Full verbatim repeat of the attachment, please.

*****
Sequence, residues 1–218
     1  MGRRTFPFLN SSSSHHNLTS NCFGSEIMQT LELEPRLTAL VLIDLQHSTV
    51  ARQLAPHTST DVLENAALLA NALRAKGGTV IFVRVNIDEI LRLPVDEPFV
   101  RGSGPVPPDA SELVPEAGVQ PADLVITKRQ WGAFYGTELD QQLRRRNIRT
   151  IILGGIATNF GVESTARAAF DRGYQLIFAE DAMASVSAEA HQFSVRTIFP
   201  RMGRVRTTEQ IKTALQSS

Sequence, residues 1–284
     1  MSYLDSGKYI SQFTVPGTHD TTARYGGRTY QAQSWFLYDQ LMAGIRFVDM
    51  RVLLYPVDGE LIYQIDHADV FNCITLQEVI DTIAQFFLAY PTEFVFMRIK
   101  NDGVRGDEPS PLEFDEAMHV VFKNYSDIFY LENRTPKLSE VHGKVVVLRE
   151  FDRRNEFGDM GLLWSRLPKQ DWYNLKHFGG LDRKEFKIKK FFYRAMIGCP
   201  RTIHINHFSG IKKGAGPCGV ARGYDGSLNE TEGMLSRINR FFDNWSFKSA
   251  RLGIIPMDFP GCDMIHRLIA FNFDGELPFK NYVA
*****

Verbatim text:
Sequence, residues 1–218
     1  MGRRTFPFLN SSSSHHNLTS NCFGSEIMQT LELEPRLTAL VLIDLQHSTV
    51  ARQLAPHTST DVLENAALLA NALRAKGGTV IFVRVNIDEI LRLPVDEPFV
   101  RGSGPVPPDA SELVPEAGVQ PADLVITKRQ WGAFYGTELD QQLRRRNIRT
   151  IILGGIATNF GVESTARAAF DRGYQLIFAE DAMASVSAEA HQFSVRTIFP
   201  RMGRVRTTEQ IKTALQSS

Sequence, residues 1–284
     1  MSYLDSGKYI SQFTVPGTHD TTARYGGRTY QAQSWFLYDQ LMAGIRFVDM
    51  RVLLYPVDGE LIYQIDHADV FNCITLQEVI DTIAQFFLAY PTEFVFMRIK
   101  NDGVRGDEPS PLEFDEAMHV VFKNYSDIFY LENRTPKLSE VHGKVVVLRE
   151  FDRRNEFGDM GLLWSRLPKQ DWYNLKHFGG LDRKEFKIKK FFYRAMIGCP
   201  RTIHINHFSG IKKGAGPCGV ARGYDGSLNE TEGMLSRINR FFDNWSFKSA
   251  RLGIIPMDFP GCDMIHRLIA FNFDGELPFK NYVA